Drowning in Plastic

Brendan Gallagher, Staff Columnist

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Brendan Gallagher
Staff Columnist

The debate about the effects of the plastic that human beings use on a daily basis is heating up. Plastic items are produced and used in tremendous amounts every day. There are tremendous downsides to using all this plastic. It is difficult to recycle, and it is impossible to totally contain.

That is why there are now trash gyres in the oceans. Many people have come to the realization that we cannot continue to use plastic items at the rate we are using them.

We have done river cleanups through my work where we have gone up and down portions of the Ohio River, and everything that we have picked up is incredible.”

— environmental lawyer Mr. Sean Gallagher

Californians have debated a ban on plastic straws. This is one of the biggest issues affecting creatures in our oceans. Plastic straws must be banned. Locally, the pollution is also showing its effects.

Mr. Sean Gallagher, an environmental lawyer for a barge company on the Ohio River, has witnessed the impact. He said, “We have done river cleanups through my work where we have gone up and down portions of the Ohio River, and everything that we have picked up is incredible.”

The World Economic Forum did a study in 2016, finding that only 14 percent of plastic packaging is collected for recycling and only 32 percent of plastic packaging escapes collection systems.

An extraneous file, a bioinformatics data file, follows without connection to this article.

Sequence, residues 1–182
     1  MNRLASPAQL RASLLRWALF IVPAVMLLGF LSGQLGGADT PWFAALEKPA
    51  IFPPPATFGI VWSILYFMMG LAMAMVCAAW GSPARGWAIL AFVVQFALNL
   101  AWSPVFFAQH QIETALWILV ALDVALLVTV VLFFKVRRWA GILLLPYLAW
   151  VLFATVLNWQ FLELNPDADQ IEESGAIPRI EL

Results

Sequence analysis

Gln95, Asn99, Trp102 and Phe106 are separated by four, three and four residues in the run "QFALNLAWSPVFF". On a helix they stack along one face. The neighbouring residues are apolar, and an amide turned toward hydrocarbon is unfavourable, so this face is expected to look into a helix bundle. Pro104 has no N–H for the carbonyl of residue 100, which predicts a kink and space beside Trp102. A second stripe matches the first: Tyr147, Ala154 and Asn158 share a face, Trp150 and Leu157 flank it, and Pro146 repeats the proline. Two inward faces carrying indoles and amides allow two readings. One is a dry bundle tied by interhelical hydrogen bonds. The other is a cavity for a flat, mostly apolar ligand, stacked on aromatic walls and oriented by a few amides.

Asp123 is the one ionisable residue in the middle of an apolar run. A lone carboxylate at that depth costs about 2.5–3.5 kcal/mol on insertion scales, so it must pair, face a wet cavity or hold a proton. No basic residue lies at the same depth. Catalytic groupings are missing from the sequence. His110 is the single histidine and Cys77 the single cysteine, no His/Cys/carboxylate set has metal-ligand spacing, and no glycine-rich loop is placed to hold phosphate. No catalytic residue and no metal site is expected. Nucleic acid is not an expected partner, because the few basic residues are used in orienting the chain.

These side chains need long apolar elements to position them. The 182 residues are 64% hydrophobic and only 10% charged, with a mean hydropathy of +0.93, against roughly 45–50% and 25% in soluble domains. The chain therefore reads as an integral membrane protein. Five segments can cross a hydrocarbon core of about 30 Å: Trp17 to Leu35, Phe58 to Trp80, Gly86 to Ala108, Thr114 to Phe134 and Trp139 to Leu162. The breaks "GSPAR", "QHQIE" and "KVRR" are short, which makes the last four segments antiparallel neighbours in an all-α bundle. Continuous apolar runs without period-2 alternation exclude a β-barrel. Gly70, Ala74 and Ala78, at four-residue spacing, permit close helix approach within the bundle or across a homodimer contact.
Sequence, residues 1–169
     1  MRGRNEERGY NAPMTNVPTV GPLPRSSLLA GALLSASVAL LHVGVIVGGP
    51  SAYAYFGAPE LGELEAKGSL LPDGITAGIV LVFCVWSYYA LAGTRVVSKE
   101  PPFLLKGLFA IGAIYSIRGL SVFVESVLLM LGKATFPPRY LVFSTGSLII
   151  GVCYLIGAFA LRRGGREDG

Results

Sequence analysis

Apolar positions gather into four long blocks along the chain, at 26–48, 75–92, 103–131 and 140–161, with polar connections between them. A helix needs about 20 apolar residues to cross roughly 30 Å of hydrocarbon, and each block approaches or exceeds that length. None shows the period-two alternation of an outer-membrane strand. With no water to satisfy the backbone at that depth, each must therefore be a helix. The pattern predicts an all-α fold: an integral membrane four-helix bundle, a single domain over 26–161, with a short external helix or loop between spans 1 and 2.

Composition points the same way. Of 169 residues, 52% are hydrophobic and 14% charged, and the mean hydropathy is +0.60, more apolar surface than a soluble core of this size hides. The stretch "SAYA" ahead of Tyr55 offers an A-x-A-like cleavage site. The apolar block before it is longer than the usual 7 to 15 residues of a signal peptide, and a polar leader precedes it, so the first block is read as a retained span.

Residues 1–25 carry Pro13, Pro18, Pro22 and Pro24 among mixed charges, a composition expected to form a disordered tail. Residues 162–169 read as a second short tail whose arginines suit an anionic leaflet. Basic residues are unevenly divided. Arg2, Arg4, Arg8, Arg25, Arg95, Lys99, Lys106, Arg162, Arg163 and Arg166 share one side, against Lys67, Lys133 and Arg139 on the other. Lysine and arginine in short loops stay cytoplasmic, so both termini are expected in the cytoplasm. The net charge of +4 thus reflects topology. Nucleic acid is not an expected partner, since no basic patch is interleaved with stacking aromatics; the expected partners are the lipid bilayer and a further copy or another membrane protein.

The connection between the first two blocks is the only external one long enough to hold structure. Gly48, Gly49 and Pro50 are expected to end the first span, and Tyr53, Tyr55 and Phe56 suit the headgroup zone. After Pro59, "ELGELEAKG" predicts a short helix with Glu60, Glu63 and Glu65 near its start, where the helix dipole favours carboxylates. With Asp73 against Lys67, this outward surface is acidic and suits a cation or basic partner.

According to a David Carrig story in USA Today, “It is estimated that more than 500 million single-use plastic straws are used and thrown away every day in the US alone, as Americans use them at an average rate of 1.6 straw per person per day, according to the National Park Service.”

There are many who question the possibility of stopping this trend. An article in Fortune by Camille Harmer and William F. Shughart promotes focusing more on the disposal of plastic. According to Harmer and Shughart, “To address the problems caused by plastic pollution, it’s better to target its improper disposal than plastic itself.”

This may be a temporary solution to the problem, but the authors are forgetting the point that plastic will not go away, and we cannot recycle or contain all of it. Harmer and Shughart say, “California would be better off to encourage private recycling options, incentivize people to use EPS in more environmentally friendly ways, or wait until alternatives become more viable.”

This is a great idea because recycling all plastic straws would be the perfect solution to ending this problem; however, not all straws can be recycled, and it will be hard to control all the straws, considering they come from many different manufacturers, restaurants and stores.

Most of the plastic in oceans is produced by countries containing poor waste management programs and organization. Mr. Michael Budniak, an environmental science teacher at Trinity High School and active participant in local cleanups, focuses on countries like the United States.

He said, “Just stop producing (straws) and stop using (straws). They really don’t serve anything but a convenience purpose.”

He is not wrong. Straws are not necessary when it comes to drinking a beverage. As far as straw production, there are many alternatives to plastic. There are metal, paper and even straws made of straw.

“Straws made out of straw, or natural grains, are available, and though they may sound strange, they are biodegradable and eco-friendly alternatives to plastic straws,” according to Carrig.

Metal straws are also more durable and eco-friendly than plastic because they are reusable. Some people carry around metal straws to use at restaurants.

One more important step to stopping this problem is educating legislatures on the effects of plastic pollution.

 

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